Foreign minister Pranab Mukherjee arrived on an unscheduled visit on Tuesday night and met Sri Lankan President Mahinda Rajapaksa and convey India’s concerns about the Tamil civilians caught in the fight between the Lankan armed forces and the LTTE.
The foreign minister’s sudden visit comes in the wake of reports of civilians getting killed in shelling by the Sri Lankan army.
Tens of thousands of displaced civilians are in the forefront of the war, with both the army and the LTTE training long-range artillery guns at each other.
The United Nations on Monday released a report saying that the situation involving civilians was snowballing into a “crisis”.
“There have been many civilians killed over the past two days,” UN resident coordinator Neil Bunhe told the media on Monday. “It’s really a crisis now.”
There have been unconfirmed reports about hundreds of civilians being killed and injured in the battle for the remaining part of the north-eastern district of Mullaitivu where the LTTE are currently holed up.
Before leaving New Delhi, Mukherjee told reporters that India would never tolerate the LTTE but was worried about the displaced Tamil civilians.
“We’re for the fight against terrorists and all sorts of terrorism,” he said. “Therefore we have no sympathy for any terrorist activity indulged by any organisation, and particularly the LTTE (which) is a banned organisation in India. But we are concerned about the plight of the civilians and we shall have to see how the civilians can be protected and do not become the hapless victims of the situation.”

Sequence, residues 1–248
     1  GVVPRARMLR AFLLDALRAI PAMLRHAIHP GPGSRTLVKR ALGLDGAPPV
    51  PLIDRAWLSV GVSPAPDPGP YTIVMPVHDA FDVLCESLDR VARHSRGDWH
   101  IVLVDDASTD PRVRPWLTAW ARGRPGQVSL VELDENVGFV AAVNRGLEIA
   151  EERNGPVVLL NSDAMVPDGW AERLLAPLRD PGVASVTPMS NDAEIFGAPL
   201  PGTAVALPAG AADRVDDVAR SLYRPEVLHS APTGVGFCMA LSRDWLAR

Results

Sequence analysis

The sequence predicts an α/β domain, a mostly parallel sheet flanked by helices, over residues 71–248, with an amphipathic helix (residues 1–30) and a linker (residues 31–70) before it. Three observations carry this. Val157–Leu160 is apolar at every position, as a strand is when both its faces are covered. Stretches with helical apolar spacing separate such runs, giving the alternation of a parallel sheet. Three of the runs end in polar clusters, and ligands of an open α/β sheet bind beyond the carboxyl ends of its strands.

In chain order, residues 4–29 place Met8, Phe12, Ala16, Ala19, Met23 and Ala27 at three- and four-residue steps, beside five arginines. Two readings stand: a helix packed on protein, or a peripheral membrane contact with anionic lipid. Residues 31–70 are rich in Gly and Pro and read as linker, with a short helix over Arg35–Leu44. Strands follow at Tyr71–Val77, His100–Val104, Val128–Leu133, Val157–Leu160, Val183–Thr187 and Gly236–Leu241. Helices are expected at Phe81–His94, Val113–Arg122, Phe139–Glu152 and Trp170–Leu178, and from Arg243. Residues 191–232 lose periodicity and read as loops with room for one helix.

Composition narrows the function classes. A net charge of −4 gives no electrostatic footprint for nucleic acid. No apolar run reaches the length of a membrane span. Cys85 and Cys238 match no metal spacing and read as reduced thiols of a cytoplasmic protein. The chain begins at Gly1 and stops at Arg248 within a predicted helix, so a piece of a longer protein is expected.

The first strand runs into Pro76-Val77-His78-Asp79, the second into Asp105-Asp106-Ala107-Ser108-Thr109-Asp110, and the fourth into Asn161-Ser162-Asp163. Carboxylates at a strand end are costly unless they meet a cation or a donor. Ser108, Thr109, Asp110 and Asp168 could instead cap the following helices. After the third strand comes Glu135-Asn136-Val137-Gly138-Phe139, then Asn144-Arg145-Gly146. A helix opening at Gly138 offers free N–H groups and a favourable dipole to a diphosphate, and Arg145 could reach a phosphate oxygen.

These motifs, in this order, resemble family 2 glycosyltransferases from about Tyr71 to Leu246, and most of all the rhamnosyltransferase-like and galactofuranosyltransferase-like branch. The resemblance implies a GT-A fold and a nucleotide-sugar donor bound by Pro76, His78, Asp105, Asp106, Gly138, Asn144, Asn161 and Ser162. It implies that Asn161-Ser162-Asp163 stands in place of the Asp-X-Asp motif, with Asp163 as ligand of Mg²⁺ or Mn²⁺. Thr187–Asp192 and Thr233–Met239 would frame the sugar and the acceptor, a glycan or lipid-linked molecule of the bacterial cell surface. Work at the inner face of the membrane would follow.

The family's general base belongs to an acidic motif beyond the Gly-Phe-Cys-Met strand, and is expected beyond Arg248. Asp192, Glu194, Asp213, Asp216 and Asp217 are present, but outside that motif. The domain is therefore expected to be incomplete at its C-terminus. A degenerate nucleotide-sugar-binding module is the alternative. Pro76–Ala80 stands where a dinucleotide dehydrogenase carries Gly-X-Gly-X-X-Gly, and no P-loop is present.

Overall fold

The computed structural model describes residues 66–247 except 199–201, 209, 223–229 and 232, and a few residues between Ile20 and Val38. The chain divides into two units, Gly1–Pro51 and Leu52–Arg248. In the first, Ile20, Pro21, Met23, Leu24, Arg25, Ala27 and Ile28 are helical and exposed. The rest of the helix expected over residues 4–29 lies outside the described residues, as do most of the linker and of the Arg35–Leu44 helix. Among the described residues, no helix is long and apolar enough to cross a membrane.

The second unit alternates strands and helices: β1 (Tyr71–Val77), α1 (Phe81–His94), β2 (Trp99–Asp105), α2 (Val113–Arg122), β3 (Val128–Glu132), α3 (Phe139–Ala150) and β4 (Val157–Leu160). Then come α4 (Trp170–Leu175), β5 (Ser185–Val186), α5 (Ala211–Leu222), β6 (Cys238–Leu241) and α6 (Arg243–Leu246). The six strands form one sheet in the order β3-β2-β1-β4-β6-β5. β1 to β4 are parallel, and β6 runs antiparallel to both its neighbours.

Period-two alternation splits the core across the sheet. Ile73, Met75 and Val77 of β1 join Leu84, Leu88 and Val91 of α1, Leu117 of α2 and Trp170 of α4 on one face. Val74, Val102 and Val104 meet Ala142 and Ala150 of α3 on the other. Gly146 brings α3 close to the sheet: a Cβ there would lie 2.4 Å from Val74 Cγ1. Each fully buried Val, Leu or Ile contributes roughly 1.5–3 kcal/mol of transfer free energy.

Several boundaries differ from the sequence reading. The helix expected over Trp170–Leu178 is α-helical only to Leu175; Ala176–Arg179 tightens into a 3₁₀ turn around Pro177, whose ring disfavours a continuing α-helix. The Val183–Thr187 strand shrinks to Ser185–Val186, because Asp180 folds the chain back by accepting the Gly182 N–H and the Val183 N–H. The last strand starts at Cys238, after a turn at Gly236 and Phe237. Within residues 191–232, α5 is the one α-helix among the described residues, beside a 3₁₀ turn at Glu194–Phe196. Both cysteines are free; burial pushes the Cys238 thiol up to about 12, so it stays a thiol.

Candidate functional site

Mukherjee’s visit to Colombo also indicates increased political pressure from UPA’s ally in Tamil Nadu, the DMK led by chief minister M. Karunanidhi. The party had passed a resolution in the state assembly last week threatening to withdraw support from the UPA if India did not intervene on behalf of the civilians.
Earlier this month, foreign secretary Shiv Shankar Menon has visited Sri Lanka and met Rajapaksa.
The Rajapaksa government has denied allegations that Sri Lankan army shells had targeted civilians. Minister Keheliya Rambukwella said on Tuesday: “The army has not and will not fire into safe zones designated for civilians.”
The Lankan foreign ministry also played down Mukerjee’s visit, saying the meeting with Rajapaksa was “in response to an invitation” extended by the Sri Lankan government.
“Mukherjee’s visit, which takes place at a time of repeated successes in the security operations to free the civilian population from the terror of the LTTE, is in keeping with the tradition of regular, frank and constructive dialogue between India and Sri Lanka at the highest levels of political leadership, on important matters of mutual interest,” the ministry said in a statement. It did not give details about the meeting’s agenda.